The Surprising Way I Started My Media Career

One of the top questions I get asked is how I managed to land a job where I get paid to do what I love. While I wish I could share the secret recipe for marrying your passion to your bank account, the reality is that success takes a willingness to experiment, a ton of persistence, and a hearty dash of luck.
This may surprise you, but when I got to college at Johns Hopkins University, I thought I wanted to study neuroscience. I quickly realized, however, that my interest was in storytelling, and I swapped to a writing major. I also started pitching my own creative projects (even though I'd literally never taken a video production class!), including a YouTube travel series focused on Baltimore, where I was going to school. From there, my tenacity paid off in a big way when I landed a recurring guest appearance on The Today Show.
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But things got a little tougher when I graduated. Instead of finding an internship that might have played to my dream of being an on-camera personality, I insisted on finding a full-time job — and I found that role at a NYC-based ad agency. Even though I worked my way up from production assistant to associate producer, I'm convinced that an internship at the right company may have been a better move.
I honed my production skills during that time at the ad agency and continued to create original content of my own. All the same, if you're a recent graduate going into the media industry, I would highly recommend prioritizing the company, rather than the position, when you're first starting out. You never know — that internship might quickly turn into an offer.
After working my way up at the ad agency, I connected with the video department at Refinery29 through my professional network and was ready to pitch the show that developed into Try Living With Lucie. Before I even walked through the door for my interview, I had a plethora of original video content to show for — videos I had made for Johns Hopkins, for The Today Show, and for my personal Instagram and YouTube accounts.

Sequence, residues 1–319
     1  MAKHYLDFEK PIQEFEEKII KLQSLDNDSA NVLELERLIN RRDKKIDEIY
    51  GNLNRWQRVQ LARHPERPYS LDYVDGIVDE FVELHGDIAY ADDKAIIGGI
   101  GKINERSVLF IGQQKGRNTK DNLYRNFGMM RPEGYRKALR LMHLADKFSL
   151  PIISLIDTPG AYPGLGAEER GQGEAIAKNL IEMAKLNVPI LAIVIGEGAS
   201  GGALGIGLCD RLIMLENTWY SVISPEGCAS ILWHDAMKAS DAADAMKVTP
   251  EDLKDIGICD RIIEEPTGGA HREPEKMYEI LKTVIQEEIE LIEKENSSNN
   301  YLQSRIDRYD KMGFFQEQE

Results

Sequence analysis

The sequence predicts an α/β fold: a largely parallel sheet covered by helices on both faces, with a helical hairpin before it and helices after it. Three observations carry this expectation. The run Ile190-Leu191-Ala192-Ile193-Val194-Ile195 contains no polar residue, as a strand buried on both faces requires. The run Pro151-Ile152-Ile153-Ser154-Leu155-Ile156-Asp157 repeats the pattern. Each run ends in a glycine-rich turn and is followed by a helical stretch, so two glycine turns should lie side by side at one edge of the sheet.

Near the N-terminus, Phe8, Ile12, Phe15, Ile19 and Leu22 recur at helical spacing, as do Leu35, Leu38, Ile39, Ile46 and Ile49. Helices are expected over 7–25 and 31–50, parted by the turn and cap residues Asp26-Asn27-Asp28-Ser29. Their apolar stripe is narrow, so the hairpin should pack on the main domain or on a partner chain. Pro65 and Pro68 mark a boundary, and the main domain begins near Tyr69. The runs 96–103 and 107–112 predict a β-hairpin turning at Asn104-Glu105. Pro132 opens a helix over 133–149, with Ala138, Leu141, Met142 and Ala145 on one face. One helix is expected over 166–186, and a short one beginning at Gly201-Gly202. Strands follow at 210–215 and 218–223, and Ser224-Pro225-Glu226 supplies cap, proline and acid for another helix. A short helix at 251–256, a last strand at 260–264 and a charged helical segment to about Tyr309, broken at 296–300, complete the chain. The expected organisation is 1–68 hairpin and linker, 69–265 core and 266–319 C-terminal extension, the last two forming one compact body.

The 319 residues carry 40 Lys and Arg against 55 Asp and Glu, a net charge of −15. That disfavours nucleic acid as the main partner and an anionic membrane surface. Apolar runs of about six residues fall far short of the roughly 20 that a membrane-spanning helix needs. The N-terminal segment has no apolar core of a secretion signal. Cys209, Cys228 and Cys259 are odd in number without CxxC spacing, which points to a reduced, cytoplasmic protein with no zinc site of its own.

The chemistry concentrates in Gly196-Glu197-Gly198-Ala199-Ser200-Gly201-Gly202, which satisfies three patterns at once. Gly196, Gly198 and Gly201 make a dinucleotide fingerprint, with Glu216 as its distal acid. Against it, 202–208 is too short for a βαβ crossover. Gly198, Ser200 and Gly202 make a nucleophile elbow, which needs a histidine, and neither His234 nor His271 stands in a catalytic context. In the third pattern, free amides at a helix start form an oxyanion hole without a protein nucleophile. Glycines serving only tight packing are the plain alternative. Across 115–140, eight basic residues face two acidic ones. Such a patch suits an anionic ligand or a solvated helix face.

Ultimately, my move to Refinery29 is really emblematic of why you should never get discouraged: if you're passionate about creating something, don't wait for a company to hire you for it — start creating. Having a portfolio and a proven track record before a job interview will not only make you a more attractive candidate for the job, it will also help boost your confidence before you even walk through the door.
My best piece of advice for a creative career? Just pick one thing you want to start doing (whether it's sharing a series of photos on Instagram, developing a weekly YouTube video series, etc.) and stick to it. Most people fail simply because they don't follow through with what they've started. How many Instagram accounts or YouTube channels have you come across where somebody creates the account, shares 2 posts on it, and then never touches it again? If you keep at it and stay consistent, you'll already be miles ahead of everyone else.
Check out my vlog above for all the details on how I built my media brand while keeping my creativity alive — I hope it helps you stay inspired.
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